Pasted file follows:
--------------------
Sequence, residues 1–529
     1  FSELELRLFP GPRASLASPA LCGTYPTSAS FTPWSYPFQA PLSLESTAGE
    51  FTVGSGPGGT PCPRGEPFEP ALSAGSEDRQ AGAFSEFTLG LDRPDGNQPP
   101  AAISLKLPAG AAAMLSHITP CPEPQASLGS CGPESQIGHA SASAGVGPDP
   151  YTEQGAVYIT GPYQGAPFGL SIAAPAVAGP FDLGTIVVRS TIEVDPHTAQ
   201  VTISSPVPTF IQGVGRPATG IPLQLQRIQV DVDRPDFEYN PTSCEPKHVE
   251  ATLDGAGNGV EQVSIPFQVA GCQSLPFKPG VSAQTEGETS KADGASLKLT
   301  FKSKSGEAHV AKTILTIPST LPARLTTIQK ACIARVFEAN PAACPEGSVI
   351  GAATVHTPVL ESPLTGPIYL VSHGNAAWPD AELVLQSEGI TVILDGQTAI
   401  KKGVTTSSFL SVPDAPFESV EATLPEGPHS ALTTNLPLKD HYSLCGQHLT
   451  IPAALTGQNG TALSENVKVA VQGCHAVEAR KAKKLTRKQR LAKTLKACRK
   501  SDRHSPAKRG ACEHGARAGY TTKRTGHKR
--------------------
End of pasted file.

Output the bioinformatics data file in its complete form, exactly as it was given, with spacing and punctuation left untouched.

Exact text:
Sequence, residues 1–529
     1  FSELELRLFP GPRASLASPA LCGTYPTSAS FTPWSYPFQA PLSLESTAGE
    51  FTVGSGPGGT PCPRGEPFEP ALSAGSEDRQ AGAFSEFTLG LDRPDGNQPP
   101  AAISLKLPAG AAAMLSHITP CPEPQASLGS CGPESQIGHA SASAGVGPDP
   151  YTEQGAVYIT GPYQGAPFGL SIAAPAVAGP FDLGTIVVRS TIEVDPHTAQ
   201  VTISSPVPTF IQGVGRPATG IPLQLQRIQV DVDRPDFEYN PTSCEPKHVE
   251  ATLDGAGNGV EQVSIPFQVA GCQSLPFKPG VSAQTEGETS KADGASLKLT
   301  FKSKSGEAHV AKTILTIPST LPARLTTIQK ACIARVFEAN PAACPEGSVI
   351  GAATVHTPVL ESPLTGPIYL VSHGNAAWPD AELVLQSEGI TVILDGQTAI
   401  KKGVTTSSFL SVPDAPFESV EATLPEGPHS ALTTNLPLKD HYSLCGQHLT
   451  IPAALTGQNG TALSENVKVA VQGCHAVEAR KAKKLTRKQR LAKTLKACRK
   501  SDRHSPAKRG ACEHGARAGY TTKRTGHKR